I’ve written several times about singing sister acts, and there are a lot of fans who still remember the Fontanes, the Andrews Sisters and others. But one of the earliest and best of the sister groups might be a little less familiar, and that’s a shame because the Boswell Sisters were supremely talented.
The Boswell Sisters were New Orleans natives who began their careers in the 1920s by showcasing their instrumental talents in vaudeville-style theaters around their home city. Oldest sister Martha was a pianist and the youngest, Helvetia (Vet), played guitar, violin and banjo. Middle sister Connie — who was restricted to a wheelchair due to a childhood accident — played cello, sax, and guitar.
It turned out that the girls’ talent extended to singing too, and they soon added close harmonies and precision vocal performances to their act, which by then was also featured on radio. By 1930 their burgeoning stardom had led them to appearances in Chicago and New York, and to a recording contract.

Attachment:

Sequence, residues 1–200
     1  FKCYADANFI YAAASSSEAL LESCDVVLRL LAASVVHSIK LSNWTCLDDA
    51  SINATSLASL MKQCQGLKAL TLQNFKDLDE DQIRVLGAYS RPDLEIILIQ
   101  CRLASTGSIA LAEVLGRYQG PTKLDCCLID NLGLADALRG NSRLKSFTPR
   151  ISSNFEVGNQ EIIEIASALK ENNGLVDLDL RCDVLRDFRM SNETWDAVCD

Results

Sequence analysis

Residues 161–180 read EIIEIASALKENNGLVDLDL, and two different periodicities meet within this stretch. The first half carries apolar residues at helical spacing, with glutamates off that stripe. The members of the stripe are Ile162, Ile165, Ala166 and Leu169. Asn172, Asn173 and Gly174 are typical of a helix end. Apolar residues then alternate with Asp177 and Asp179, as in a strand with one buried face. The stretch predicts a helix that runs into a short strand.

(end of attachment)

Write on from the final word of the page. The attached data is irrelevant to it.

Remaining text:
Over the next half-dozen years, the Boswells were one of the biggest hits around, appearing with everyone from the Dorseys to Bing Crosby to Cab Calloway. Their inventive phrasing and startling improvisations made them something very special, and audiences — and record buyers — loved them. Some of their best included “Alexander’s Ragtime Band,” “Heebie Jeebies,” and their biggest, 1935’s “The Object of My Affection.”
By the late 1930s, the girls had decided to go their separate ways. Connie — who eventually began to call herself “Connee” — went on to a fairly successful solo career, while the other two settled into married life. Connie always had to work seated, but she didn’t let it slow her down — although she was unable to get permission to tour with wartime USO shows.
Oldest sister Martha died in 1958, Connie (Connee) in 1976, and youngest Helvetia (Vet) in 1988. All three “Bozzies” are fondly remembered at the Land Of Boz website.